This blog is able to remain ad-free because of the awesome community of Awkward Ambassadors on Patreon. If you’d like to become an Awkward Ambassador and receive special perks (like bonus content or pictures of my dogs), please click here. Thank you so much to Ellen W., Rachel P., Hanna B., Lena S., Sara O.. Leah B., Maddie G., and Grace V.


P.S. I need to give a shout out to my friend Katie who just launched her travel blog, Open Atlas. Go check her out and follow all of her adventures. She’s amazing and I promise you’ll adore everything about her.

Sure, why not?

Freelance writing is a weird thing.

I currently freelance through the website Fiverr, which has its ups and downs. On the one hand, you can find tons of jobs. On the other hand, tons of jobs can also find you and sometimes you get asked to write really strange things. Things you have not said you were qualified to write about.

One of my most popular gigs is simply “uplifting and humorous content,” and through this gig I have been hired to write a series of educational youtube scripts about microbiomes and gut bacteria (which I’m pretty sure never saw the light of day, but hey, I got paid), a blog post about a woman whose husband lit his dinner on fire, an article about why free-range hens make the best eggs for an omelette restaurant, and a 4,000 word article about “the soul of metal working from past to present.”

Every time one of these weird gigs dealing with a subject about which I know literally nothing comes my way, I am filled with a small feeling of dread.

How can I make gut bacteria funny?

What the heck does he mean by “the soul of metalwork?”

Are people seriously still questioning whether or not free-range eggs are a good thing?

But then I dive in, maybe have a small panic attack along the way, and get to work…. and weirdly, it starts to become fun. For those bacteria videos, I essentially went to science class every week, took a bunch of notes (way more about poop than I anticipated, which always makes for great comedy), and then wrote a funny essay about what I learned. And I ended up working for that guy for, like, 7 weeks. It was awesome.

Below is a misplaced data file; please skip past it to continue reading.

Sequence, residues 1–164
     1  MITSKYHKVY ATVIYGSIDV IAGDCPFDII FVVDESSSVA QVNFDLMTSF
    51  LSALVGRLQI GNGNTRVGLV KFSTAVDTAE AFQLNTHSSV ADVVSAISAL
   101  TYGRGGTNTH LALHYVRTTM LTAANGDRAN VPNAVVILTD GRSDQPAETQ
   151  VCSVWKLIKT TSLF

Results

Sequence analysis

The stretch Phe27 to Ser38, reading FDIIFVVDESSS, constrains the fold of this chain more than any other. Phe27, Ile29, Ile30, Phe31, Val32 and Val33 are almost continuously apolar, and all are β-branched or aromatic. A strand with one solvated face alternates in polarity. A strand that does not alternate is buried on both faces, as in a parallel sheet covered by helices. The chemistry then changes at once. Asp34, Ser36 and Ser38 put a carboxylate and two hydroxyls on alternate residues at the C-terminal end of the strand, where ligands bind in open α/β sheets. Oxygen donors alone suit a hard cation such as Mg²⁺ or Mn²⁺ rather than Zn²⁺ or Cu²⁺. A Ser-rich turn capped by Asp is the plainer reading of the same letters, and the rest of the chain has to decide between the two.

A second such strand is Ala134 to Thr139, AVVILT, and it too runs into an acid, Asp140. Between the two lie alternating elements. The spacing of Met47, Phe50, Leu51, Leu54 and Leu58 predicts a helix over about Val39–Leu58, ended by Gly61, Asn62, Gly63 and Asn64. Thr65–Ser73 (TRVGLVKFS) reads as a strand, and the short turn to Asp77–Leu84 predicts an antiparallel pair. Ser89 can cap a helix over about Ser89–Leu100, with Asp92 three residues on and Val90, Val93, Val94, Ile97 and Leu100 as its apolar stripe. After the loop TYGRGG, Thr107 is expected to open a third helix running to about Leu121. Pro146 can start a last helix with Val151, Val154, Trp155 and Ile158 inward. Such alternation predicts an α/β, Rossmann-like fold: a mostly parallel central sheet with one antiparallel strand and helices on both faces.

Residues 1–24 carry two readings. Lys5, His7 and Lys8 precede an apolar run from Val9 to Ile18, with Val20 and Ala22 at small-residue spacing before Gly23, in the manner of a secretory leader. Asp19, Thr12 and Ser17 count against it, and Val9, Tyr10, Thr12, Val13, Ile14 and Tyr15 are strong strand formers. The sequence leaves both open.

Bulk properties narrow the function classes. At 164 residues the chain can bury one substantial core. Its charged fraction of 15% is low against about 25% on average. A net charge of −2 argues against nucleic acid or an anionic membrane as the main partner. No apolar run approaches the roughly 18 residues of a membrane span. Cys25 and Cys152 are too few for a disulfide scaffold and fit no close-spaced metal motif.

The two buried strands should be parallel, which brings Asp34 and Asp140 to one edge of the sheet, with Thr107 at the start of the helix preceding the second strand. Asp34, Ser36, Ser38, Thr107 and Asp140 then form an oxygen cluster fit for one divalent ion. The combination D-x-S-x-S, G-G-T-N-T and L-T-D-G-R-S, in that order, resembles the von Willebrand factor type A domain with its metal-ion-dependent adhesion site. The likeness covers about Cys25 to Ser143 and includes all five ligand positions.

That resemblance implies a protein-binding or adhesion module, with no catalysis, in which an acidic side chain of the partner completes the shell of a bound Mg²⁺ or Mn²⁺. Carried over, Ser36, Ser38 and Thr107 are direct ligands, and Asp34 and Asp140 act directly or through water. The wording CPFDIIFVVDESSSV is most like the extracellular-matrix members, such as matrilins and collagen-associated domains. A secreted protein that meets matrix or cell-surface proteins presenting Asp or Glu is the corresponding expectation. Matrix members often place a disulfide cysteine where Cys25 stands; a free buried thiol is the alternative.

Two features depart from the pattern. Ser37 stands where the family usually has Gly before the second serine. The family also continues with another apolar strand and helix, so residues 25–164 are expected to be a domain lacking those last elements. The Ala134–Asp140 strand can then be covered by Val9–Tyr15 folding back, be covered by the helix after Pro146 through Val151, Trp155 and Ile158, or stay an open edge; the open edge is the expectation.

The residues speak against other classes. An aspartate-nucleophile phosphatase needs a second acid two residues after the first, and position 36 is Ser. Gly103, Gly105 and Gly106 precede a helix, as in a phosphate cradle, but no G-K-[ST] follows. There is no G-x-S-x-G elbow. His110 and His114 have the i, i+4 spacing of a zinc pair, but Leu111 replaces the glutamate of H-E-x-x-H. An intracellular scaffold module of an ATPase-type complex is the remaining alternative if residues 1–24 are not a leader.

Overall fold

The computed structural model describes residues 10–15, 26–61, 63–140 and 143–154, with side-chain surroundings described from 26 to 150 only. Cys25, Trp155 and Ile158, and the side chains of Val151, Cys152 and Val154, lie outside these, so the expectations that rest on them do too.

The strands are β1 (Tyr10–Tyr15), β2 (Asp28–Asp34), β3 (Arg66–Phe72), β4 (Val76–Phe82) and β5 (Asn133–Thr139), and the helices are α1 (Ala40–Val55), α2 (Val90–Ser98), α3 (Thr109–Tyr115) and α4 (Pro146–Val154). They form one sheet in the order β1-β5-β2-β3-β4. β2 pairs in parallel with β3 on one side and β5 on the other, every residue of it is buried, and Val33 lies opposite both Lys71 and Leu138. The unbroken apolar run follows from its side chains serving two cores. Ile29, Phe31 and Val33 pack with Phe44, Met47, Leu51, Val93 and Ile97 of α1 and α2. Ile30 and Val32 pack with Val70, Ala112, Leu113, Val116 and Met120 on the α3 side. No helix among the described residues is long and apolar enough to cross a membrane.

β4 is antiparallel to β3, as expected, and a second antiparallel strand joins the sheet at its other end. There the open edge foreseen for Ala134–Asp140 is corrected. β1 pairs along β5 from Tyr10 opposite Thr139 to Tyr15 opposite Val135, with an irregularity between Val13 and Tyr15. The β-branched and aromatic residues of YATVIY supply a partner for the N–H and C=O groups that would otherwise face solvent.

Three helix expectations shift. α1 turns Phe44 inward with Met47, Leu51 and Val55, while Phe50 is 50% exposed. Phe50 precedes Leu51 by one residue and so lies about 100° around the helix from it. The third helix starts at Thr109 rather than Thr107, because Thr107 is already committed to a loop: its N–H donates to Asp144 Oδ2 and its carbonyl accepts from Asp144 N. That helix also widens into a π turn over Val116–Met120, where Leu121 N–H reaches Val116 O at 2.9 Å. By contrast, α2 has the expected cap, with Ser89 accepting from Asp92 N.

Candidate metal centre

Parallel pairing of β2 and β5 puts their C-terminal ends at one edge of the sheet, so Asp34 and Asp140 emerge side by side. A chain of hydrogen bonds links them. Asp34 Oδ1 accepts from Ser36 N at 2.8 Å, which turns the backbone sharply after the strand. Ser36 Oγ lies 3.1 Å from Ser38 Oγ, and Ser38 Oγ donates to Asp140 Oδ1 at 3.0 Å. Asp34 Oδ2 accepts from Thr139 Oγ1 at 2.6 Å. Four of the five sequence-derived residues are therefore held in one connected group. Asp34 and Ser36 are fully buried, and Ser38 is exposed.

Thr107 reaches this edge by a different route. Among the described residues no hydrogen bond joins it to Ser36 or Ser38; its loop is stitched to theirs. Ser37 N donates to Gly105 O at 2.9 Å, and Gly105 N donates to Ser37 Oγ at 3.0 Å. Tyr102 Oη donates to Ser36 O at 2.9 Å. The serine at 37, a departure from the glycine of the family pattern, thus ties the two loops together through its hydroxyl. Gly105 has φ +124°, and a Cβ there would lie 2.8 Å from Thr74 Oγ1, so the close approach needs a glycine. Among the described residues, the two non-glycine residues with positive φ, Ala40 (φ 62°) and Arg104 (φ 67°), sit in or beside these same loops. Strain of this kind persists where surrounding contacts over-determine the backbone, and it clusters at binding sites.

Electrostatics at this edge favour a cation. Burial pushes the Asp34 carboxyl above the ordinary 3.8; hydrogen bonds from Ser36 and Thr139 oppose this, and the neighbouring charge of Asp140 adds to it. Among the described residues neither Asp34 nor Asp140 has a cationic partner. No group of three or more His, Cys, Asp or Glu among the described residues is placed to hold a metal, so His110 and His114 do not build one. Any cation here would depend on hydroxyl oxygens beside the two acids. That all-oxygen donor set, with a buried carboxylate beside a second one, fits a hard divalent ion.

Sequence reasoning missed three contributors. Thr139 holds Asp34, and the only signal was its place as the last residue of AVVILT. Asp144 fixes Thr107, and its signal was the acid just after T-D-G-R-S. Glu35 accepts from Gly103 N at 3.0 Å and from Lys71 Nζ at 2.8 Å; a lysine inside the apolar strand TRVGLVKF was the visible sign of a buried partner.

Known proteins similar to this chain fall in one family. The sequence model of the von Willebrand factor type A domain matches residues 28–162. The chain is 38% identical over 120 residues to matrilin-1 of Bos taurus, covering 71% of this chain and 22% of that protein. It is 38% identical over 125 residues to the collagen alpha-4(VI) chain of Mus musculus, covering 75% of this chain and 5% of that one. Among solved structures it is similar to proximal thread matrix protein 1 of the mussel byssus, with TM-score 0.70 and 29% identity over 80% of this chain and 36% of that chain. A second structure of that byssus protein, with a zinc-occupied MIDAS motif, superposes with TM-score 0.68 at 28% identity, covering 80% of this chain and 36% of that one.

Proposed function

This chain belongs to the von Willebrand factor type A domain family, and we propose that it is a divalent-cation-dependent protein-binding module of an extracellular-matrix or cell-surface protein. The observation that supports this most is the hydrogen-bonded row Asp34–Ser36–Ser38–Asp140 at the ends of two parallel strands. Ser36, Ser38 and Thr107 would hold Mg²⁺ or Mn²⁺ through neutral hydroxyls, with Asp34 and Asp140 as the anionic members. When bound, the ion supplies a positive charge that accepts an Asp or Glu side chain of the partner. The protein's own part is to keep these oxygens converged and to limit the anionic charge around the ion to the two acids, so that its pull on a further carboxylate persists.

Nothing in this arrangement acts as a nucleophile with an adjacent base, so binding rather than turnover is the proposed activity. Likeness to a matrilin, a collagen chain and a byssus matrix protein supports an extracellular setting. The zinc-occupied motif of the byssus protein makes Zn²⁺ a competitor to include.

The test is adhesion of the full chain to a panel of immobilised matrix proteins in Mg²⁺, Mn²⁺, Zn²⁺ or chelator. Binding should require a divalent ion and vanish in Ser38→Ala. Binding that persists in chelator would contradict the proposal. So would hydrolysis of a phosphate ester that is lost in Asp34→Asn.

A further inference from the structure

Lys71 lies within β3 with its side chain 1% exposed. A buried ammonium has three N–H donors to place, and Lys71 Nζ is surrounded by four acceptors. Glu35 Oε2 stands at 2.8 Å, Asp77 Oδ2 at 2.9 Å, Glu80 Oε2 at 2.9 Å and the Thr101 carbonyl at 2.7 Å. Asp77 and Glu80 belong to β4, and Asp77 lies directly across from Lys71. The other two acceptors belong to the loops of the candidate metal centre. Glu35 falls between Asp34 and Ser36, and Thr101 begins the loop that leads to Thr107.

And for this metalworking gig I’m working on now, I’m discovering this whole entire new-to-me world of people who make our world way prettier with metal by hitting it with a hammer or spraying it with fire. It’s insane.

Of course, not every gig pushes me completely out of my comfort zone. Sometimes I get gigs where I get to write about books or my dogs, but most of the time it’s these kinds of jobs.

One day, I hope to be able to get more of my own ideas pitched and published in proper magazines, but until then, I’m enjoying pushing myself further and further with my writing. Without these gigs I doubt I would have ever written about these subjects, and now I’m not so scared of saying “yes” when people ask. It’s a nice feeling.

I guess the point is that we don’t know what we don’t know, but what I do know is that I can at least try to figure it out. I never thought I’d be writing bacterial comedy, but if I had said “sorry, not my area of expertise,” I’d be a lot poorer and know a lot less about what’s happening in my own body.

So thanks, weird Fiverr gigs. Keep ‘em coming.